He loves me, he loves me not
I remember my friend once told me her boyfriend got her a hundred dollar glass bear with crystal roses for Valentine’s day. While I expected an excited and lovestruck tone, she just sounded aghast and frustrated because it would sit on her dresser collecting dust instead of something she could actually cherish with memories. And while she did sound a little bit unappreciative at that moment, it made sense. As cheesy as it sounds, no amount of money could buy the time, attention, and love that she was hoping for.
While talking about the ridiculous and oftentimes overpriced items shilled out on Valentine’s Day is extremely fun, we also have to keep in mind the both economic and environmental footprint this holiday has. According to the National Retail Foundation, adults spent a total of 21.8 billion dollars to celebrate with their loved ones last February. It also leads to an irreplaceable impact on planet earth. Only about a third of flowers are actually grown domestically in the United States, leaving a majority shipped in from Ecuador and Columbia. According to a Vox article published in 2019, “three weeks of flower delivery flights burn approximately 114 million liters of fuel, emitting approximately 360,000 metric tons of carbon dioxide into the atmosphere.”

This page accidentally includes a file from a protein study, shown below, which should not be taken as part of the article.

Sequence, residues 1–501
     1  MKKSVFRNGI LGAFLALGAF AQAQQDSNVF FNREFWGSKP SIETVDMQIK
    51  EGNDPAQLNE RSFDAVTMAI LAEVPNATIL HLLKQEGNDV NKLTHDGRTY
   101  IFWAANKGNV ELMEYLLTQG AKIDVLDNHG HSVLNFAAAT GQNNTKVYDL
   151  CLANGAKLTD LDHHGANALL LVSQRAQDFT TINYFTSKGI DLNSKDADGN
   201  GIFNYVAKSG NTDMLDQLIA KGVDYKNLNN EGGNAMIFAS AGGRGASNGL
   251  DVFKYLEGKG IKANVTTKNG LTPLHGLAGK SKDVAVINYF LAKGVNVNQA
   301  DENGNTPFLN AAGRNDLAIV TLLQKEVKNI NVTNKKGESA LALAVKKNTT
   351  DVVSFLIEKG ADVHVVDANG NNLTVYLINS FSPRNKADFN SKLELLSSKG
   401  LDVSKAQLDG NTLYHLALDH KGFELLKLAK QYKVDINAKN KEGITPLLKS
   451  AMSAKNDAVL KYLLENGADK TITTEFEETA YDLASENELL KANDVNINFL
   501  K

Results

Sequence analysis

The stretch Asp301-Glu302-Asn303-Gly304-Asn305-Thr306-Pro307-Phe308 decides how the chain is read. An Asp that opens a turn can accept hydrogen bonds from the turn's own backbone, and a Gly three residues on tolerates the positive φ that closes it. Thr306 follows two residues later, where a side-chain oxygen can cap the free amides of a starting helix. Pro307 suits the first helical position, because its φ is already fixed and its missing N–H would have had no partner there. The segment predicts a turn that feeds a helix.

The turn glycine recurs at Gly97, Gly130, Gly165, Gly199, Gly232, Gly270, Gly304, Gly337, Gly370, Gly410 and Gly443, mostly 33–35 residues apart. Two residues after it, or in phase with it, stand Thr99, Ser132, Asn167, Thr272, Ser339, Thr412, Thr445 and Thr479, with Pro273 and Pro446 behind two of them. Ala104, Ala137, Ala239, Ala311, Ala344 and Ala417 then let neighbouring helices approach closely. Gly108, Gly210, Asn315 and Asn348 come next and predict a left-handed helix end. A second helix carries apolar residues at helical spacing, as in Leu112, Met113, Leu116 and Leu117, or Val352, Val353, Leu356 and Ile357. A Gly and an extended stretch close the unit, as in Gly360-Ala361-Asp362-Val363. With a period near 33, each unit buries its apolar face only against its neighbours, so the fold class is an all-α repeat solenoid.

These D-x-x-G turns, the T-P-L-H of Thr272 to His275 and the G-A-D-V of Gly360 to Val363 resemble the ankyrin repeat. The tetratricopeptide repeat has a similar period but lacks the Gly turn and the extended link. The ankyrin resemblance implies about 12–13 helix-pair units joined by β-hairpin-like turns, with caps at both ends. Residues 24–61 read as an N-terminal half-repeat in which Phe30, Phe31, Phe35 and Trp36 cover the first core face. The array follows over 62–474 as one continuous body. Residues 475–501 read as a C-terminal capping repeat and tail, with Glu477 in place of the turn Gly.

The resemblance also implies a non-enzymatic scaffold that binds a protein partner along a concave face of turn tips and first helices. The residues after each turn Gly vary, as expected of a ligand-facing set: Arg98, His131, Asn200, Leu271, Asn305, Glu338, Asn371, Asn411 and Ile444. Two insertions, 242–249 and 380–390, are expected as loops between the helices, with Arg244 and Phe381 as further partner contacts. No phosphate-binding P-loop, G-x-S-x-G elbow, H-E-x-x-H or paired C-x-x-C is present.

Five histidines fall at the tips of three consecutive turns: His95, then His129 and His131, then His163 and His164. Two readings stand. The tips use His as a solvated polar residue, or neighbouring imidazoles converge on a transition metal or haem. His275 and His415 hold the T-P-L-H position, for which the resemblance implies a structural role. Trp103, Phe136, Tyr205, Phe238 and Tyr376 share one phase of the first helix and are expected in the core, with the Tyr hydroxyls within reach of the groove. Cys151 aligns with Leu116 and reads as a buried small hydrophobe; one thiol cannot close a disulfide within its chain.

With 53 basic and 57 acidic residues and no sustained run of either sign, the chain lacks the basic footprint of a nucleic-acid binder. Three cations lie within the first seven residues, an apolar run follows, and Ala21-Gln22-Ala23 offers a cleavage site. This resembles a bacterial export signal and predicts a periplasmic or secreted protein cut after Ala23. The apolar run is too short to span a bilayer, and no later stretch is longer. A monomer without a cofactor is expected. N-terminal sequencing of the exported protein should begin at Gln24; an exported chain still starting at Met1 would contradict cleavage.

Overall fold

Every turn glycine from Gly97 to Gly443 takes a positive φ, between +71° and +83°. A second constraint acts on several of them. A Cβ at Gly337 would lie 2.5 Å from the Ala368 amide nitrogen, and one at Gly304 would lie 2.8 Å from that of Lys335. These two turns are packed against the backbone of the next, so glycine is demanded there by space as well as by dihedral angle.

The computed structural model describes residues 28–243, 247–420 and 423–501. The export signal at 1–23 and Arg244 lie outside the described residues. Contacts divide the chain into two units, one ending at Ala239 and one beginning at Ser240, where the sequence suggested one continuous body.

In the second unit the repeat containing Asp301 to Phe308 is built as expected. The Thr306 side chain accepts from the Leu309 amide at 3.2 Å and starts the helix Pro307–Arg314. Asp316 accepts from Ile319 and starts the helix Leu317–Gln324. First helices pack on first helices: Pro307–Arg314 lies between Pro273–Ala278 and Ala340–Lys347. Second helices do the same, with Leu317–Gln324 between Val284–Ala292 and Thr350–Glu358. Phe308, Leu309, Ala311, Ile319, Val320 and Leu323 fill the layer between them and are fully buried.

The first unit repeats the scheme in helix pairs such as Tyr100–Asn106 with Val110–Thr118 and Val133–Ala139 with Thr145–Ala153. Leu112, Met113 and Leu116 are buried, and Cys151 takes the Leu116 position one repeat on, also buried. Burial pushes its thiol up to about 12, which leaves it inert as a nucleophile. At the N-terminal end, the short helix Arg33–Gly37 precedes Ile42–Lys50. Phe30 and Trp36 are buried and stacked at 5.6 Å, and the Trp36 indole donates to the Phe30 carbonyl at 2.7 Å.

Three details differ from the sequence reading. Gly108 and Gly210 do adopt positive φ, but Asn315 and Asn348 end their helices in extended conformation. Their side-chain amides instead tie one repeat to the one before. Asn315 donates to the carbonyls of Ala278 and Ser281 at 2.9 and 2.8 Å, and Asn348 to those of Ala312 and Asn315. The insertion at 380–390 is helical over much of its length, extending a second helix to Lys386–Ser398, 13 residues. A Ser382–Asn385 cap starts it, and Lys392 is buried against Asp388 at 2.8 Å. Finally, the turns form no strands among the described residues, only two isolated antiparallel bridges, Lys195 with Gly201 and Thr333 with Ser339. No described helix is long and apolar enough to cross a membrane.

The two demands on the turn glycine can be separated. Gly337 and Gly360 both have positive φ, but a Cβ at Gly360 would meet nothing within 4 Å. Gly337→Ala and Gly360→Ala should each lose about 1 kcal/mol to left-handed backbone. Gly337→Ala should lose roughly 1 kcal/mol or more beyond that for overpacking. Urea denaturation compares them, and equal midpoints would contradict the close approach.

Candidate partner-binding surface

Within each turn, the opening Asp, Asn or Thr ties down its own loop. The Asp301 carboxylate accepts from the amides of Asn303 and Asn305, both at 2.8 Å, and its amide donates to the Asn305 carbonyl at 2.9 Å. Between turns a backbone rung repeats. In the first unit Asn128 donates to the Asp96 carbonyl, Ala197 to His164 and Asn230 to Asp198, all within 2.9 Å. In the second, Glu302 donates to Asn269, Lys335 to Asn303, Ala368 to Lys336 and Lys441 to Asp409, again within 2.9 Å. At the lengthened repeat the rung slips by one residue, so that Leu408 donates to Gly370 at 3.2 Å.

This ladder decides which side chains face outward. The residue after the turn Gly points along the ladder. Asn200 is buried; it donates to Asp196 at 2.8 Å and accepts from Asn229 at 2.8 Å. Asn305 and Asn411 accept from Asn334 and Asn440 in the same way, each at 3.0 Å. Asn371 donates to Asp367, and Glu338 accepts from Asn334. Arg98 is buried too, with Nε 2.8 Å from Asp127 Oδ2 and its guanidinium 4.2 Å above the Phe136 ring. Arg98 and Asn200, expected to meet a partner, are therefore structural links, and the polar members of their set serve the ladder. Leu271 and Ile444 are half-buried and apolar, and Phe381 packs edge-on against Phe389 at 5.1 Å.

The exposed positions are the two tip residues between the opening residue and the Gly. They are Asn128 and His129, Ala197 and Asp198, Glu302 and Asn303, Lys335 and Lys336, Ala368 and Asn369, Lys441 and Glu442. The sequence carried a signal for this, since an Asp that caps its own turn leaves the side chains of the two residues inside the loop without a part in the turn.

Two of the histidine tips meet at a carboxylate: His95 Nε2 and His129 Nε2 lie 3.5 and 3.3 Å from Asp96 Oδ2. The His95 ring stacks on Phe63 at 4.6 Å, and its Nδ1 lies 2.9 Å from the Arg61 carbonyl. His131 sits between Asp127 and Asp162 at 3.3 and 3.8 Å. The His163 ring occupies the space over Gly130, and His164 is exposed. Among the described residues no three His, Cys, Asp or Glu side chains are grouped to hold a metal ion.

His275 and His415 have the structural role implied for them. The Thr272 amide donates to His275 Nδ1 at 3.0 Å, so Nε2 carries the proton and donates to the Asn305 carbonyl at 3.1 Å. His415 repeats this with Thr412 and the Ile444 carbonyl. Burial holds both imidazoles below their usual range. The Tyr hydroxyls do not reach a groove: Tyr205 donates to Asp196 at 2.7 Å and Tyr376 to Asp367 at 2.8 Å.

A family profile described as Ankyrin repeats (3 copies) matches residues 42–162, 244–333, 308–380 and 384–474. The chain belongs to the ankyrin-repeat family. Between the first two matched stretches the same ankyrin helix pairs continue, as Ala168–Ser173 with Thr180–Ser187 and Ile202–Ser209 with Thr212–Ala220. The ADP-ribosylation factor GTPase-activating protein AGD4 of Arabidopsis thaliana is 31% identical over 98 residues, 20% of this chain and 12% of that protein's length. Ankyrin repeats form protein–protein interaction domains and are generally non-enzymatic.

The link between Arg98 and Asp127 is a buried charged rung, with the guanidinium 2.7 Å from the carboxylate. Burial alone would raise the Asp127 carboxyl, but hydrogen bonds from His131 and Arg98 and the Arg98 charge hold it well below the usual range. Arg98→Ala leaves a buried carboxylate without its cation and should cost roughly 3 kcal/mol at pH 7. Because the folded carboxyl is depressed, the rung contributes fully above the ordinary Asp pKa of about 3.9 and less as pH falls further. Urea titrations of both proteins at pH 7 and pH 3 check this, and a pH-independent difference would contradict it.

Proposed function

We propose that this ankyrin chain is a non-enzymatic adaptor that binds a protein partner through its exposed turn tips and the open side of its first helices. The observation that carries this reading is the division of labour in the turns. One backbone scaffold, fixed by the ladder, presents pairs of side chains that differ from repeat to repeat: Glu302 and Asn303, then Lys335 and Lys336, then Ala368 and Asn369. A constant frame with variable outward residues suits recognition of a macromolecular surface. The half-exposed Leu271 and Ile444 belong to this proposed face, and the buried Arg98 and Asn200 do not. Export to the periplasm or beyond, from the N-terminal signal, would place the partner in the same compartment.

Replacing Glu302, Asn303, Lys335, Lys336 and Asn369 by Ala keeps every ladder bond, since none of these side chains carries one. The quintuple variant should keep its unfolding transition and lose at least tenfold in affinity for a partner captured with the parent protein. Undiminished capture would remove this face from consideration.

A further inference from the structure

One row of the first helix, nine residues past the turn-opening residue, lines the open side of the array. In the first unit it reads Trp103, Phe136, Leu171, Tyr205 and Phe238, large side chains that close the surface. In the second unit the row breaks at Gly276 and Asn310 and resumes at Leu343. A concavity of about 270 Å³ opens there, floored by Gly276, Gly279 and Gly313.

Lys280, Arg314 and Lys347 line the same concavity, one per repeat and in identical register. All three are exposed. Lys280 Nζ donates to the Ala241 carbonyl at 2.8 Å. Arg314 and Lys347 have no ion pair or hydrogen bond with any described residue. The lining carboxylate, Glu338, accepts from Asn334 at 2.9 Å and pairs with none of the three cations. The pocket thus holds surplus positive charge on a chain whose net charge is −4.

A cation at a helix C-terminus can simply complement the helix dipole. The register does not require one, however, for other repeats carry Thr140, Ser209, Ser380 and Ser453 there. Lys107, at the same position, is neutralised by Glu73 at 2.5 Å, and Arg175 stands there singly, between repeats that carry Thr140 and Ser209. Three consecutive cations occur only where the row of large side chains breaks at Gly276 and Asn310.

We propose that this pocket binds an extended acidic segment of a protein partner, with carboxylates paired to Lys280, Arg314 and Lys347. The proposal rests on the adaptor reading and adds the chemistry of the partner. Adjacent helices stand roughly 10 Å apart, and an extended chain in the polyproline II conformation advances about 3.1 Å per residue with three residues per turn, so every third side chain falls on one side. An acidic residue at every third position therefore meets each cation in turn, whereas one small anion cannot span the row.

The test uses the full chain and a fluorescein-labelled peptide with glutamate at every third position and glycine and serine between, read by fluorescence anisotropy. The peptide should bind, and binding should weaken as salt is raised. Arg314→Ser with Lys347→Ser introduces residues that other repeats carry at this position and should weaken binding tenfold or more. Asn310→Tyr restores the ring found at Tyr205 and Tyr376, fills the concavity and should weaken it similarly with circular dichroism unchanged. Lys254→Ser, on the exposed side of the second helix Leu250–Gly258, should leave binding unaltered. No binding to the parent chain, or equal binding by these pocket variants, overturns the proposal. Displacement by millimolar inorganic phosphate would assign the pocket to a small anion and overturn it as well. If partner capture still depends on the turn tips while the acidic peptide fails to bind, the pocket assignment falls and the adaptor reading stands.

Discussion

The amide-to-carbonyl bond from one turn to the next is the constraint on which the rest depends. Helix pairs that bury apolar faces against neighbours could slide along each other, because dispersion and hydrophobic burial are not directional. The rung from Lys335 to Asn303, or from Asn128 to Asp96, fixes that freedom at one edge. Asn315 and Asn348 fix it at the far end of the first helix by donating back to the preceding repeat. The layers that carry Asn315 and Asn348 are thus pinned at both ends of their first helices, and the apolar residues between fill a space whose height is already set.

And not only does this contribute to the mass consumerism that’s quickly becoming a rampant problem in America, but it also hurts the idea of what love actually is, tying it to material objects rather than actual thoughtfulness. I’m not saying that presents or roses are lame. I love presents and roses. But why do we reduce our standards to make them the symbol of unconditional love instead of focusing on the emotional value of things? We treat presents and commodities as the most important part of the holiday, with people spending hundreds of dollars not out of love, but because they feel an obligation to. Oftentimes, couples feel this need to buy presents and “outdo” one another, forgetting the true value of the day.
This consumerism also increases the sense of entitlement and grandiosity that plagues the holiday. I’ve heard stories of people feeling entitled to phone numbers or dates because of a single present or money like they are owed attraction if they throw enough money at someone. It says love can be bought, not earned. Valentine’s Day presents can be sweet and wholesome, but we have to remember that it’s not about the quantity of money that went into it, but it’s about the quality of the love. The following is a list of presents that cost way less than a bouquet of roses or jewelry but mean a whole lot more.